Asplenium - Aspleniaceae

Asplenium smedsii Pic. Serm.






Common name


Rhizome short, erect, rhizome scales chestnut-brown, triangular in outline, apex long tapering to a point, margin entire or fimbriate-lobed, ending in hair-tip, up to 11 × 4 mm. Fronds tufted, thin, erect, olive-green, not proliferous. Stipe matt brown, sometimes green beneath, 8–30 cm long, with dense scales near base, otherwise with scattered narrowly triangular scales to 10 × 3 mm. Lamina elliptic to oblong-elliptic in outline, 18–47 × 7–15(–24) cm, 1-pinnate; lower pinnae slightly smaller, apical pinnae gradually decrescent. Pinnae in 14–24 pairs, equidistant, stalked, triangular or lanceolate-triangular in outline, (2–)4–8(–12)x(0.7–)1.2–1.6 cm, base unequal, the acroscopic base broadly cuneate, the basiscopic base narrowly cuneate-excised, margin deeply serrate with often bifid teeth, apex long-attenuate, glabrous above, sparsely scaly beneath. Rachis brown, with two narrow green lines, with sparse scales. Sori many per pinna, at a 45° angle to the costa, elliptic, 2.5–6 mm long; indusium membranous, entire.


Differs from A. boltonii by the fronds non-gemmiferous, abruptly contracted into the terminal pinna, by all the pinnae equidistant to each other, by the triangular rhizome scales, much shorter and broader, here and there toothed or fimbriate, and throughout uniform in structure.


smedsii: named after H. Smeds, who collected many ferns during his travels in south and south-western Ethiopia.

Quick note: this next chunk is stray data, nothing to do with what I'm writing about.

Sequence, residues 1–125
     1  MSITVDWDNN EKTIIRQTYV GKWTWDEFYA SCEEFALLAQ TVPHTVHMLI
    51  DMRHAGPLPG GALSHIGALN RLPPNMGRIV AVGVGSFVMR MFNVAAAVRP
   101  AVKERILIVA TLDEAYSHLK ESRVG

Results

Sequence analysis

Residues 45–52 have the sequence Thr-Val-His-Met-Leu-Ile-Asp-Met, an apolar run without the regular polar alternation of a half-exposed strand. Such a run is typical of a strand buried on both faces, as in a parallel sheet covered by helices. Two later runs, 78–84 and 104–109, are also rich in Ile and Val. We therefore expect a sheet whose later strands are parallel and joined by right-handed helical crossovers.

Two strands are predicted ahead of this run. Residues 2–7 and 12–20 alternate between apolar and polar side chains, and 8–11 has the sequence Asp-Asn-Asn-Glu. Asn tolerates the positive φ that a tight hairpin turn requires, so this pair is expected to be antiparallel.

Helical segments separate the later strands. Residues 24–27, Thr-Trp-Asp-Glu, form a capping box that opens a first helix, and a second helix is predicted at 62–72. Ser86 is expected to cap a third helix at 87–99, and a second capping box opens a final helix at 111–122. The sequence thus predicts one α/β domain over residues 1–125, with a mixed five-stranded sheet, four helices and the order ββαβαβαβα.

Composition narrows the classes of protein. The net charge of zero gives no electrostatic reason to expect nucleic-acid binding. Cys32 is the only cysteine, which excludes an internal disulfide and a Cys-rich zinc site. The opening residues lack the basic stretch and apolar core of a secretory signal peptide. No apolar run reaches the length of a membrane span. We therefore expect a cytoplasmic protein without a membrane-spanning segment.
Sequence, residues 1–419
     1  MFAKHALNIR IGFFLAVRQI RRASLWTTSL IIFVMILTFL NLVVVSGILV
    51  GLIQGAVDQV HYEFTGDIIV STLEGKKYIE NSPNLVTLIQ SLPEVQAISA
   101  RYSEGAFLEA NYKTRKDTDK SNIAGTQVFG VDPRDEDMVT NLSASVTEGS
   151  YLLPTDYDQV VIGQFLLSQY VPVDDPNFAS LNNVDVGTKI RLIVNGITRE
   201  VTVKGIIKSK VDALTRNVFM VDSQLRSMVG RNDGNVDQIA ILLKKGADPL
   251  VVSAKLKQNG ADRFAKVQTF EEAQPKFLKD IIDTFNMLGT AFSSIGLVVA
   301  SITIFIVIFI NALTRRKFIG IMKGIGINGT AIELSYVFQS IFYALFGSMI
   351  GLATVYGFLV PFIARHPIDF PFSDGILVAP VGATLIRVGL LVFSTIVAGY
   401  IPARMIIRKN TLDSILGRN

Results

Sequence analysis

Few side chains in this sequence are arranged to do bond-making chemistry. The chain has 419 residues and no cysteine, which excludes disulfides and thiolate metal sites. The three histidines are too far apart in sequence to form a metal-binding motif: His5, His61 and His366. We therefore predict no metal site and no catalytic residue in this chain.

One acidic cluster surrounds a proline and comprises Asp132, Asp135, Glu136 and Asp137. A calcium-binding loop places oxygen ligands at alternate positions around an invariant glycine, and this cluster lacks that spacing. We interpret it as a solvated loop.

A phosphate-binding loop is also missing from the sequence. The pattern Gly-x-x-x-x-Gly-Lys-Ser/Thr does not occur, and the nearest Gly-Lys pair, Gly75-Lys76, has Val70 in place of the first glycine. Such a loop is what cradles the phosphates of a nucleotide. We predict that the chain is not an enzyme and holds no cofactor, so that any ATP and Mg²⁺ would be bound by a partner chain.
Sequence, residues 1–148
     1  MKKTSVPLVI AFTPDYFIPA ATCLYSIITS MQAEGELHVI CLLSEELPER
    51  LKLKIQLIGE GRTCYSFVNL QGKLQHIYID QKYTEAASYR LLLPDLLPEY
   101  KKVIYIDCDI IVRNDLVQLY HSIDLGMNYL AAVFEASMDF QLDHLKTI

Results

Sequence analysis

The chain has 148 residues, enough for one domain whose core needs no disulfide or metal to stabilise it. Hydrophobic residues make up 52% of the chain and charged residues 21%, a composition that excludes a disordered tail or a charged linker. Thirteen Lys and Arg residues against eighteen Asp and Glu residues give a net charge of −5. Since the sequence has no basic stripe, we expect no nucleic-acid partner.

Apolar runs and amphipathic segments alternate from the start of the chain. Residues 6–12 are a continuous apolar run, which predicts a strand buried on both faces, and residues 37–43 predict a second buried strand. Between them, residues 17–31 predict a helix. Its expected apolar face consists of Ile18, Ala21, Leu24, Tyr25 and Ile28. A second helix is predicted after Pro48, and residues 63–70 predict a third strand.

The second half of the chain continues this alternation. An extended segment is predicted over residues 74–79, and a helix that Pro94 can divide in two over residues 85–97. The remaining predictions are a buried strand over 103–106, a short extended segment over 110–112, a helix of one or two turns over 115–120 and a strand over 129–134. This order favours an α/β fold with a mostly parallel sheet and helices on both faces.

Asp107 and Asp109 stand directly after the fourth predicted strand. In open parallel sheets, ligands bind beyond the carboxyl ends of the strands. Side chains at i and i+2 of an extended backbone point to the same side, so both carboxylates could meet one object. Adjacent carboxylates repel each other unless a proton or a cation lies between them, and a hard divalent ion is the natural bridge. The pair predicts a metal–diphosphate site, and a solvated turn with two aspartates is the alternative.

Moist evergreen forest, deep shade, moist upland forest.

Distribution worldwide

See African distribution.

Distribution in Africa

Burundi, Dem. Republic of Congo, Ethiopia, Kenya, Malawi, Rwanda, Sudan and South Sudan, Tanzania , Uganda.

Growth form

Epiphytic, lithophytic, terrestrial.


  • Beentje, H.J. (2008) Aspleniaceae. Flora of Tropical East Africa, Pages 32 - 33. (Includes a picture).
  • Burrows, J.E. & Willis, C.K. (eds) (2005) Plants of the Nyika Plateau. Southern African Botanical Diversity Network Report No. 31, SABONET, Pretoria. Page 27.
  • Roux, J.P. (2001) Conspectus of Southern African Pteridophyta. Southern African Botanical Diversity Network Report, 13 Page 171.
  • Roux, J.P. (2009) Synopsis of the Lycopodiophyta and Pteridophyta of Africa, Madagascar and neighbouring islands. Strelitzia 23, South African National Biodiversity Institute, Pretoria. Page 97.